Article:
Study Finds Robot Stock Pickers Outperform Humans

Chris Gaetano
Published Date:
Feb 11, 2020

In one of the first formal studies of its kind, researchers have found that, over the long term, robots outperform humans when it comes to choosing investments. They not only find good picks more often, they do so faster and more cheaply than people, according to Bloomberg. The study, from Indiana University, examined about 76,000 reports issued by seven different robo-analyst firms between 2003 and 2018, and compared them to human analysis from the Institutional Brokers Estimation System (IBES). 

What they found was that "buy" recommendations from  robo-analysts generated economically and significantly positive abnormal returns that went well beyond what humans could do. Portfolios based on the buy recommendations of robo-analysts earned positive abnormal annual returns (alpha) of 6.4 to 6.9 percent. In contrast, a portfolio based on human-made buy recommendations saw an alpha of only 1.2 to 1.7 percent.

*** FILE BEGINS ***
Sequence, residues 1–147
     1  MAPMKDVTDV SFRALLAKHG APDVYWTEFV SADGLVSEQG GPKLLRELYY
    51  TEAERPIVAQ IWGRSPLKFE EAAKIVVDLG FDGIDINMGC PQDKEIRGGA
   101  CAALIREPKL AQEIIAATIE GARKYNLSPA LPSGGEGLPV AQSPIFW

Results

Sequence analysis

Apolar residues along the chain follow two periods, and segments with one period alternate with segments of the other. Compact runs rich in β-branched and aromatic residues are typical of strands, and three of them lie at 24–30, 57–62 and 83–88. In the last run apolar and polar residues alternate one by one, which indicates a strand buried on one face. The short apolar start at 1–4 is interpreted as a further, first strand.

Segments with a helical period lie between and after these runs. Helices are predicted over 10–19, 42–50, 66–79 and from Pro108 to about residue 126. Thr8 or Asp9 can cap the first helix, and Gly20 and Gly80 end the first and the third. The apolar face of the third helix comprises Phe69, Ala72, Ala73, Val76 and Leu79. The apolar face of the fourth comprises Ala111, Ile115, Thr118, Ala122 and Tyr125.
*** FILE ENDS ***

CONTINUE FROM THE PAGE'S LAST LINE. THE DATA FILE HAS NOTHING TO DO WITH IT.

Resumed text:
The reasons behind this disparity could come from fundamental differences in how humans versus machines evaluate stocks. For one, researchers found that the machines collectively produce a more balanced distribution of buy, hold, and sell recommendations than do human analysts, which suggests that they are less subject to behavioral biases and conflicts of interest. Second, consistent with automation facilitating a greater scale of research production, robo-analysts revise their reports more frequently than human analysts and also adopt different production processes. Their revisions rely less on earnings announcements, and more on the large, volumes of data released in firms’ annual reports. Third, robo-analysts’ reports exhibit weaker short-window return reactions, suggesting that investors do not trade on their signals.

The humans are not completely beaten yet, however. While the robots vastly outperform the humans on buy side recommendations, there seemed to be next to no performance difference on the sell side, the difference close enough to zero that the researchers just said it was zero. 

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